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How to Pick the Best Private School

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With public school funding being cut across the country, many parents are considering enrolling their children in one of the over 30,000 private schools in the US. The decision about which school to choose can be taxing, as the average private school costs about $18,000 (and the tuition at boarding schools can be closer to $40,000). Parents need to choose a private school wisely. There are some basic steps that parents can follow in looking for the best private school for their child, including making a list of schools, hiring a consultant, and going on interviews and tours.

In addition, Here are some questions parents and students should ask when applying to private schools:

  • How will the school suit me or my child down the road?

    When you visit the school, be sure to consider the years ahead. Find the school that is the best fit for the long haul. Your child will grow and develop in the school, and you want to be aware of how the school will change over time. Does the school change from a caring, nurturing lower school to a demanding, competitive middle and upper school? Gauge the temperature of all the divisions before selecting a school.
  • Is my child a good fit for the school?

    While you may be tempted to gain admission to the most competitive school possible, be sure that your child is a good fit for the school and that it won’t be too demanding—or too easy—down the road. Don’t try to shoehorn your child into a school that doesn’t nurture her interests and talents.
  • Where do the graduates attend college?

    Schools generally publish a list of where their graduates attend college. While these lists usually cover many years, they will give you an idea of what kinds of colleges the school has connections with and where you can expect your child to go if she attends the school. Be sure to consider the full range of schools—not just the most prestigious few.
  • What are the classes like?

    When touring private schools, your child may be allowed to sit in a class and get a sense of the material covered and the tenor of the class discussion. An older child can get a sense of whether the other students seem like her and whether this is the type of environment in which she will feel comfortable.
  • What is the work like?

    Try to ask your tour guide what the students of your child’s age are working on. That way, you will get a real sense of what the daily academic life is like at the school.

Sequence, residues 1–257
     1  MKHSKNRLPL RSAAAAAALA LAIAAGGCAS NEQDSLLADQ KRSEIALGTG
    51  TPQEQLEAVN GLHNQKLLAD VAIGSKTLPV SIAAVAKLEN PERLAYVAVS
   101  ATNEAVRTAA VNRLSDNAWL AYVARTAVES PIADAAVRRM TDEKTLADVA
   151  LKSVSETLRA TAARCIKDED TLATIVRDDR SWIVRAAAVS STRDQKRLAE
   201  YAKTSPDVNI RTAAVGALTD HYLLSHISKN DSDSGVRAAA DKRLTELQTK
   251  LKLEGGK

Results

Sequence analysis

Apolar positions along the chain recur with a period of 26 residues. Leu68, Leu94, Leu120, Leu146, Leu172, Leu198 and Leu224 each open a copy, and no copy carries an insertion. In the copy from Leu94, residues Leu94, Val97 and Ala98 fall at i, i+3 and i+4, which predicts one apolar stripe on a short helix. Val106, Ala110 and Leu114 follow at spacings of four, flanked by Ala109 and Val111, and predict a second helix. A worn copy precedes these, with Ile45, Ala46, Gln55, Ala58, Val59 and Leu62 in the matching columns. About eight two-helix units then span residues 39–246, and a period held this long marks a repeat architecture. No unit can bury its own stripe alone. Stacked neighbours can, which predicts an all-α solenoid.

• How will the school work with me and financial aid?

    Before you sign a contract with a school, it’s worth asking how your financial aid package, if you have one, will work. Don’t be afraid to ask a school to stretch out its payments or to match the financial aid offer of another school. Find out more about how to work with your school on financial aid.

Finding Answers to Your Questions

To find the answers to these questions, there are some ways for parents and students to get beneath the surface and really understand what a school is like.

  • Look around.

    When you are visiting the school, look at the work on the walls and get an idea of what the school values. Be sure to visit classes and try to speak with teachers. Does the school seem to be the kind of place in which your child will thrive? Do the teachers seem capable of bringing out her talents? Do they seem committed to helping children learn?
  • Read the school newspaper and alumni publications.

    The school newspaper and alumni publications will acquaint you with the school’s values and key issues. Reading these publications will familiarize you with the concerns and mood of the current student body and administration.
  • Listen to the headmaster.

    The headmaster can set the tone for a private school. Try to attend one of his or her speeches or read his or her publications. This research will acquaint you with the values and mission of the current school. Don’t rely on old assumptions, as schools change a great deal with each administration.
  • Shadow a student.

    Many schools will allow your child to attend classes and even stay overnight if it’s a boarding school. This is an invaluable experience that will help your child understand what life at the school is really like.
  • Talk to other parents.

    If you don’t know another parent whose child attends a school, try asking through friends or ask the school for a reference. Parents will often give you the low-down that the school admissions office won’t.
  • Consider hiring a consultant.

    A professional school consultant can also help you sort through your choices. Here is more information about hiring a consultant.
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